After the Spaniards began to rule the country, however, they embarked on an extremely aggressive crusade to convert the indigenous population to Catholicism. Unfortunately, they set about doing this using force and violence rather than education, and it became a matter of survival for the Indians to embrace the new belief system. But they didn’t completely abandon the one that was so deeply ingrained in their societies. The result was a blend of Catholicism and the ancient cultural traditions and beliefs of the indigenous population.
Christianity and ancient religious beliefs
The Spanish conquistadors showed no mercy when it came to insisting the indigenous people adopt their religion, and the Indians responded by finding ways to pay homage to the Christian god while still appeasing their own. Often this meant demoting their gods to saints, and practicing indigenous rituals under the guise of Christianity. Some of the more barbaric practices, such as human and animal sacrifice, were abandoned, but many other rituals were modified so as to appear within the parameters of Christianity.
Santa Muerte
One example of this confluence of beliefs is the pseudo-saint, Santa Muerte (Saint Death). Her image is depicted by a skeleton wearing a long robe and holding a scythe, which is thought to be associated with the Aztec goddess of death, Mictecacihuatl. Many Mexicans believe she has power and control over their daily lives, and mimic the Catholic ritual of praying to her spirit and asking for grace, though Santa Muerte is not associated with Catholicism.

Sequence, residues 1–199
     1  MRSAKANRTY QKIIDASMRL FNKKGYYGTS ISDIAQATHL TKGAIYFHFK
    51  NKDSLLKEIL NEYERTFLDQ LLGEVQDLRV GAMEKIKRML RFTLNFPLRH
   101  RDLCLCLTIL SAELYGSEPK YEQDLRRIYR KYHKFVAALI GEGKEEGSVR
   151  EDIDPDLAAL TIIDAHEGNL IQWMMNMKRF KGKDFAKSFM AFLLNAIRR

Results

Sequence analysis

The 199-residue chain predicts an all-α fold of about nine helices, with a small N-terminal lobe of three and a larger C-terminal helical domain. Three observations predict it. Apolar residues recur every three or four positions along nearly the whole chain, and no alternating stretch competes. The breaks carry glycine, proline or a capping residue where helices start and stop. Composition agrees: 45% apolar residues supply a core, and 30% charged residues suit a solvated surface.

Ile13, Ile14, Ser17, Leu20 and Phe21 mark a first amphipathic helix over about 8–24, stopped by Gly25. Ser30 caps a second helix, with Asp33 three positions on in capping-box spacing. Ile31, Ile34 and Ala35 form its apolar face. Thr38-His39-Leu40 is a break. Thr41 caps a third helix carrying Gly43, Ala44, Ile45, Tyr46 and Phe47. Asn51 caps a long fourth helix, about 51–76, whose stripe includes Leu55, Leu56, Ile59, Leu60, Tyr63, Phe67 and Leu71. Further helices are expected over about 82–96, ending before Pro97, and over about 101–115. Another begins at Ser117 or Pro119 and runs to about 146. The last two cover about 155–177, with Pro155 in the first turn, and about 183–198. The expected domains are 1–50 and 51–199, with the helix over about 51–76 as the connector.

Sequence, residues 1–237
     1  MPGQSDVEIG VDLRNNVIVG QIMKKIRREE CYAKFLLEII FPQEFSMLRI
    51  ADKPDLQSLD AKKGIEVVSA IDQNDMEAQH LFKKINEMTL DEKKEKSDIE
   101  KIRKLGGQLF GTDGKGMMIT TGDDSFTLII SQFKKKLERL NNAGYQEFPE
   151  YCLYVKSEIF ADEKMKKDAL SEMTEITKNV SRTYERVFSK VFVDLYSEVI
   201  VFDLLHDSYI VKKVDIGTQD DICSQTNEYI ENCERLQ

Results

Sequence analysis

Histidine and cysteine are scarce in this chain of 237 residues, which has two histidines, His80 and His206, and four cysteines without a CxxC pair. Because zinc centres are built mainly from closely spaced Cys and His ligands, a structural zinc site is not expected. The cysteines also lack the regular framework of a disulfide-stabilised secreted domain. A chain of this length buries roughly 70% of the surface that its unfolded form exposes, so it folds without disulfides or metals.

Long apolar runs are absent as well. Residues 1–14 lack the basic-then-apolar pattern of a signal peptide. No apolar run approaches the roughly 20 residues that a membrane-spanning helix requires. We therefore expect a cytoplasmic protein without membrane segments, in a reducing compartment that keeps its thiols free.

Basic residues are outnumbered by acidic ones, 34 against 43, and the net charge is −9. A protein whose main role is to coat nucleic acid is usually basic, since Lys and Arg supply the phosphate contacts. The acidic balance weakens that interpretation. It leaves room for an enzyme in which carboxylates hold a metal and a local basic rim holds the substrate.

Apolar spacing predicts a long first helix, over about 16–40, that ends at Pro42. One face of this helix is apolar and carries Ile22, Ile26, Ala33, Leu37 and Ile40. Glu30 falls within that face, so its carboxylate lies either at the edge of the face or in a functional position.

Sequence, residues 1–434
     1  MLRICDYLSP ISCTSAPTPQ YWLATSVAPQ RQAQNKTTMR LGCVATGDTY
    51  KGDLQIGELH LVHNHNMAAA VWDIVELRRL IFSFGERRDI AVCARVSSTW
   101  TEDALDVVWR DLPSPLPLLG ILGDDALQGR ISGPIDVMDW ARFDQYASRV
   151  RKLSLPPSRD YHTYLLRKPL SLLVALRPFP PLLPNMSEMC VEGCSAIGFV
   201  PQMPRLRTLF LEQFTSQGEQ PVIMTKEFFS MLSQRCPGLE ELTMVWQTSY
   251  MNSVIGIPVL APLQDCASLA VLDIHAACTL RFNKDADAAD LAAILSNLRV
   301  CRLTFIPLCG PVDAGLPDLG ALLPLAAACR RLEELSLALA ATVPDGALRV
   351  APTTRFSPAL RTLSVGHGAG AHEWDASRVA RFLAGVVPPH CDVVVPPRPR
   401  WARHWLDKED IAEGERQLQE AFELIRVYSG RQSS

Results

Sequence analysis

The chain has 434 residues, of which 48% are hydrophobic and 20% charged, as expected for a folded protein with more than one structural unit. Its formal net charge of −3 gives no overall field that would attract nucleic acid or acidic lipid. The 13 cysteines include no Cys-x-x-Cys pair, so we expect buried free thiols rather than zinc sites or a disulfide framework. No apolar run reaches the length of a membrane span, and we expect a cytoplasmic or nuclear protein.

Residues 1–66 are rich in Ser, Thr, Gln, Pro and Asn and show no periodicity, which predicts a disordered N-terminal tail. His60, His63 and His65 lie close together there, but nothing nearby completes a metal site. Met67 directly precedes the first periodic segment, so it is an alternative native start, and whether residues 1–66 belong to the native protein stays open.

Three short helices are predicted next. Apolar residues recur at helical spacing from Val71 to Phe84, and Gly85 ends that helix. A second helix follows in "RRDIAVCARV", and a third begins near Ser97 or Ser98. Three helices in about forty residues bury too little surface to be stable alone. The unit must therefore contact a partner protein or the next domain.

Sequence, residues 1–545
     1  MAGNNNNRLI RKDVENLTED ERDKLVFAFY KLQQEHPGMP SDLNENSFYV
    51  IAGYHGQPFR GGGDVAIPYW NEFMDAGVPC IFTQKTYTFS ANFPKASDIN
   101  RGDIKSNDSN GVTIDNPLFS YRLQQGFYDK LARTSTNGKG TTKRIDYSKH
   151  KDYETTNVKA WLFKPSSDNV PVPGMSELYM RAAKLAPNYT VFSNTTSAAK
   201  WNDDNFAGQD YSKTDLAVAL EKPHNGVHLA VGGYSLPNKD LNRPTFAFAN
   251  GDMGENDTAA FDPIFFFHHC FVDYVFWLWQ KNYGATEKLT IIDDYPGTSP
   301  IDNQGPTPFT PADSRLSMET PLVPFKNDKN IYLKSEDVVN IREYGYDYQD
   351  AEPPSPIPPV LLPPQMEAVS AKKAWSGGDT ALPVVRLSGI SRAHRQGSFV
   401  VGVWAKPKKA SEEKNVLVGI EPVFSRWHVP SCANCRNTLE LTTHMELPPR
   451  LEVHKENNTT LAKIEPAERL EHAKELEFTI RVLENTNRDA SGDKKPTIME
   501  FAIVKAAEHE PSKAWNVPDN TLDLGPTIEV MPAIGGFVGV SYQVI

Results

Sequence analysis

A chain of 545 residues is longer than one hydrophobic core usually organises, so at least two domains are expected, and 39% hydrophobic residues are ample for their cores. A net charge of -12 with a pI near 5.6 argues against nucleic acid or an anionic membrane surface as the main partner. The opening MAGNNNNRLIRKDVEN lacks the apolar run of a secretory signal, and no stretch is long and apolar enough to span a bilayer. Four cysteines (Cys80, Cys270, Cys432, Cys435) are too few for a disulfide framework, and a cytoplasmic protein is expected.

Interestingly, now that freedom of religion is part of the federal law in Mexico, some of the older, more vibrant and involved rituals are coming back in popularity. It demonstrates the same loyalty and dedication to following ancient cultural traditions and paying homage to their ancestors that Mexican display in many other areas of their lives.

The Day of the Dead

The name of this cultural tradition in Mexico may sound ominous, but it is actually an occasion filled with joy and celebration. The Day of the Dead, Dia de los Muertos, occurs directly after Halloween, but there is no similarity between the two. On November 1, it is believed that souls of relatives and ancestors who have passed away have a 24 hour window in which to visit the living. Family members prepare in advance to honor and remember the life of their loved one, and spend the day celebrating the time they had together rather than mourning their deaths.


They begin by building ofrendas earlier in the month, which are beautiful altars that they put up in their homes. They are made up of a number of traditional items as well as things the person loved in their lifetime. The ofrenda includes pictures, candles, buckets of marigold flowers, artifacts of favorite hobbies, and special foods, including turkey tamales, tortillas, fruits and Day of the Dead breads, specially baked for the occasion. Little toy skeletons and candy skulls, calaveras de azúcar, provide the final touches.

cultural tradition in Mexico

The ofrenda should both include these traditional elements as well as remember the essence of the relative they’re honoring For example, if someone were building an ofrenda for me, there would be books by my favorite authors, cinnamon and floral scented candles, little statues of dogs and pictures of all the pets I’ve owned over the years, sheet music for the piano and lots of chocolate! Those familiar items would make my family members remember the things that made me happy during my lifetime as well as please my visiting soul.

Day of the dead parade

Other traditions that fill the day include visiting the gravesite and decorating it with festive candles and flowers. And each town will put on events like parades, where they may be special dances performed by members of the community. These customs tend to carry more solemnity in the smaller villages than in the cities, where the festivities are larger in scale and more celebratory in nature. Like most celebrations in Mexico, the particular traditions and customs will vary from one part of the country to another, influenced by thousands of years of history.

Football or Futbol?